All across the world, people with disabilities and diseases rely on dogs for support. There are separate classifications that are used to define service dogs, therapy dogs, and emotional support animals, and they are all quite different. Many dogs require extensive training while others are already pets that exhibit certain qualities that are helpful to their humans.
Dogs are amazing animals. They can offer a service and companionship. They have the ability to make their human feel loved and safe.
Do you know the differences between service dogs, therapy dogs, and emotional support animals? Many don’t. Read on to learn more about what distinguishes one from another.
Meet Huey! He is a service dog for his human, John, who is legally blind and deaf in one ear. John needs help navigating around his home as well as in public areas. Many things can pose a threat but with Huey at John’s side, he can alert John and steer him away from danger. Huey spent an entire year in training and still goes to refresher courses every month.
Huey should NOT be pet by others. He’s in constant work mode and any distraction can harm his human.
The law doesn’t require service animals to wear a special vest, however, most do. When a service animal is without a vest, it is okay to ask if he or she is a service animal and what task he or she performs. But that is it. The laws are very clear and are there to protect the disabled individual and their privacy.
According to the ADA (Americans With Disabilities Act):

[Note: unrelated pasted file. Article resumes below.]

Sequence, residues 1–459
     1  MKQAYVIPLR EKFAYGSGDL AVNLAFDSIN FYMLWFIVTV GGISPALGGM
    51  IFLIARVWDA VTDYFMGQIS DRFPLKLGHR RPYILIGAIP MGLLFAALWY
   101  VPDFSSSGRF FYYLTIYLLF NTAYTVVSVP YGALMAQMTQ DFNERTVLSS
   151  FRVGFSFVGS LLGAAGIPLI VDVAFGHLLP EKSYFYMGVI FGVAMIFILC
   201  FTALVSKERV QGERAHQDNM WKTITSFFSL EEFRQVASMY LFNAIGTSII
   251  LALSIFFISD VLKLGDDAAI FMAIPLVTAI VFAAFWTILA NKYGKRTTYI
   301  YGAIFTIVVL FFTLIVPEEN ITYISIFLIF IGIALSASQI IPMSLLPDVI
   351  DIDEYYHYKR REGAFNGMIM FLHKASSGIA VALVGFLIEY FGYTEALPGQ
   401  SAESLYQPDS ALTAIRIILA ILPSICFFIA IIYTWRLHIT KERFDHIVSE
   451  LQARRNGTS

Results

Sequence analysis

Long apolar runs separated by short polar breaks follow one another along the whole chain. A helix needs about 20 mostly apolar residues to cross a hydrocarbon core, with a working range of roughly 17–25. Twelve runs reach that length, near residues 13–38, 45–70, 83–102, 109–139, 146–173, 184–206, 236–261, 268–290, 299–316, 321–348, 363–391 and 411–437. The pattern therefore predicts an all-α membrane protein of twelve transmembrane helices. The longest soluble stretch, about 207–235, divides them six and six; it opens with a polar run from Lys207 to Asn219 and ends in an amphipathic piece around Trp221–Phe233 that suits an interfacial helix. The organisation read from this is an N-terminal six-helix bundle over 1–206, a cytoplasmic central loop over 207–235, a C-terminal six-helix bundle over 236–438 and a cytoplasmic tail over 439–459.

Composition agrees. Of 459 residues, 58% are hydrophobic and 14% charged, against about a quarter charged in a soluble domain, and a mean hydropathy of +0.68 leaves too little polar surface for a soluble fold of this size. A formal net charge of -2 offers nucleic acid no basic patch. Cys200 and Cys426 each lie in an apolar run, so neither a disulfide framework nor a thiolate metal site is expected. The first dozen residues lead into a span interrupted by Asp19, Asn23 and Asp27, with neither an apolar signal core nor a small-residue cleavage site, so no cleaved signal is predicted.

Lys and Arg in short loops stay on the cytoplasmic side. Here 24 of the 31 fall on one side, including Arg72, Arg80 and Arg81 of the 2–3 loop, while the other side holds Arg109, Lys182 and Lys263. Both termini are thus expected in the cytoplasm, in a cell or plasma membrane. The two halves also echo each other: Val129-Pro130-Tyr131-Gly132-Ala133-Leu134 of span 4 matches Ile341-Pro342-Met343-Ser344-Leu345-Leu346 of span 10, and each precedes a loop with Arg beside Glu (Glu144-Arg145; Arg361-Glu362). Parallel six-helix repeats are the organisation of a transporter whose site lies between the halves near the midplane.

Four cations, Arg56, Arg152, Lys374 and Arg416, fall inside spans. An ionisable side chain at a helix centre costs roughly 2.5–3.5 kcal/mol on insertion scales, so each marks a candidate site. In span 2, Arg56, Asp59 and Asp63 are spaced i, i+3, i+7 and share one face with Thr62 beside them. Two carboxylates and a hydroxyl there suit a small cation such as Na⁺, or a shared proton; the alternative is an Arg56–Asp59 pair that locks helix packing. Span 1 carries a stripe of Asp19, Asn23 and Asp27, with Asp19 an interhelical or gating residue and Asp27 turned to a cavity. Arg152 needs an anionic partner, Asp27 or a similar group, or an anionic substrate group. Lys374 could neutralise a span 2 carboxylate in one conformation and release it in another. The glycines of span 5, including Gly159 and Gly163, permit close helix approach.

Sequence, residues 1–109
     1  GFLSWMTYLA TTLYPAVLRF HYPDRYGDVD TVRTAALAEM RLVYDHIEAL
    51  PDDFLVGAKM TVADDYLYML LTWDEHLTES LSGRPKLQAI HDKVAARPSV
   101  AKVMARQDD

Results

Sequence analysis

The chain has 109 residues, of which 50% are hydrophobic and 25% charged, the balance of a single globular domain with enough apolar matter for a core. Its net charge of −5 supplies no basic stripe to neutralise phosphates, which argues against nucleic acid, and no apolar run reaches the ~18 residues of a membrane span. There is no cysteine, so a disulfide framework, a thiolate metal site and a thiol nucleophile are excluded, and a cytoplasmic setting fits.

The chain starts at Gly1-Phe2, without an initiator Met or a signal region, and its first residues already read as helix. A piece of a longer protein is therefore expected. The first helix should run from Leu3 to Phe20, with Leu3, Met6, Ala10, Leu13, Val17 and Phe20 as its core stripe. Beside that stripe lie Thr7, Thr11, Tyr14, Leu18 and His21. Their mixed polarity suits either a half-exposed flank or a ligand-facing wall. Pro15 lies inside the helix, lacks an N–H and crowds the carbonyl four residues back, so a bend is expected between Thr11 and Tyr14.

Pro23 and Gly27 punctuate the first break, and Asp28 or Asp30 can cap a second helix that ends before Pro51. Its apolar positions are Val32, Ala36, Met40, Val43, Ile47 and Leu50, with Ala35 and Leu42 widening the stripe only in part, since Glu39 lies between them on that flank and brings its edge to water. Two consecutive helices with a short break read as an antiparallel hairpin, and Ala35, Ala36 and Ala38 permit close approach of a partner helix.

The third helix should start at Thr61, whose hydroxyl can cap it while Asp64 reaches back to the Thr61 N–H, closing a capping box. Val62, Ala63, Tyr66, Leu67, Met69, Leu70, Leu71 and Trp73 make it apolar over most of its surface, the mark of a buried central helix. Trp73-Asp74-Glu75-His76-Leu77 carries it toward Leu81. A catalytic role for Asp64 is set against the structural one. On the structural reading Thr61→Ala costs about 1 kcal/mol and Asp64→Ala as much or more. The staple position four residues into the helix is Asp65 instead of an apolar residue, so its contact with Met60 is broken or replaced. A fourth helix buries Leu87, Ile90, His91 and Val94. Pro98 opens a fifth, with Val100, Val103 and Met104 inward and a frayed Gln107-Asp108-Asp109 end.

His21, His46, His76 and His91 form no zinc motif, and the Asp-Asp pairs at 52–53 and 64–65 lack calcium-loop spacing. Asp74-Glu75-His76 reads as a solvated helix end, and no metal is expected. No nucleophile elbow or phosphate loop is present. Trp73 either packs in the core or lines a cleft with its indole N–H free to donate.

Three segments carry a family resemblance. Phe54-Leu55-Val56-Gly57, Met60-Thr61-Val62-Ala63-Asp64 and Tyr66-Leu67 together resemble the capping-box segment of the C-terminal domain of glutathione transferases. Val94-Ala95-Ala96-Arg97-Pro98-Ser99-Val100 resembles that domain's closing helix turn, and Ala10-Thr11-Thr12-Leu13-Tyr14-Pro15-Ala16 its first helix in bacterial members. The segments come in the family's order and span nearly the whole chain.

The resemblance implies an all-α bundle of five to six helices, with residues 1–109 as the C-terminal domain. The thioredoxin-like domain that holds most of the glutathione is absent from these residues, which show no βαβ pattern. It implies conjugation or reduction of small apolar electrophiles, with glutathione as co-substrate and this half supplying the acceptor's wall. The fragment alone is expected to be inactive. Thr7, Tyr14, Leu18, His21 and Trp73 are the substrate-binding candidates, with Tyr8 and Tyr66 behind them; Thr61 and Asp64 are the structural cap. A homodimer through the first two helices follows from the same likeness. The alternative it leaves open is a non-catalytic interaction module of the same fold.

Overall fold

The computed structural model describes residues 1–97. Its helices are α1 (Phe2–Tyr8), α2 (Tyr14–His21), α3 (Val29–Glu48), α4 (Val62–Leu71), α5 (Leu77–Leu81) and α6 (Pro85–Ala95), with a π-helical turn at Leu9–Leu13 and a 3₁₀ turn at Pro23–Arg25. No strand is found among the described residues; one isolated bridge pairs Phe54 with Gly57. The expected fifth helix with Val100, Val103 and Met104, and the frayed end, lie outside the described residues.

“Service animals are defined as dogs that are individually trained to do work or perform tasks for people with disabilities. Examples of such work or tasks include guiding people who are blind, alerting people who are deaf, pulling a wheelchair, alerting and protecting a person who is having a seizure, reminding a person with mental illness to take prescribed medications, calming a person with Post Traumatic Stress Disorder (PTSD) during an anxiety attack, or performing other duties. Service animals are working animals, not pets. The work or task a dog has been trained to provide must be directly related to the person’s disability. Dogs whose sole function is to provide comfort or emotional support do not qualify as service animals under the ADA.”
Service dogs are allowed in public buildings and establishments. Laws prohibit businesses from asking a service dog to remain outside. Much to many people’s surprise, service dogs are also welcome in restaurants and grocery stores.
Few have an issue with service dogs being in public restaurants and eateries, but it happens. Like with this individual:
“Under the ADA, State and local governments, businesses, and nonprofit organizations that serve the public generally must allow service animals to accompany people with disabilities in all areas of the facility where the public is normally allowed to go. For example, in a hospital, it would be inappropriate to exclude a service animal from areas such as patient rooms, clinics, cafeterias, or examination rooms. However, it may be appropriate to exclude a service animal from operating rooms or burn units where the animal’s presence may compromise a sterile environment.”
Service Dogs In Training
Meet Daisy! She is a service dog in training that is learning to be a seizure alert dog. She will become an official service dog once her training is complete and she’s able to perform all of her tasks successfully.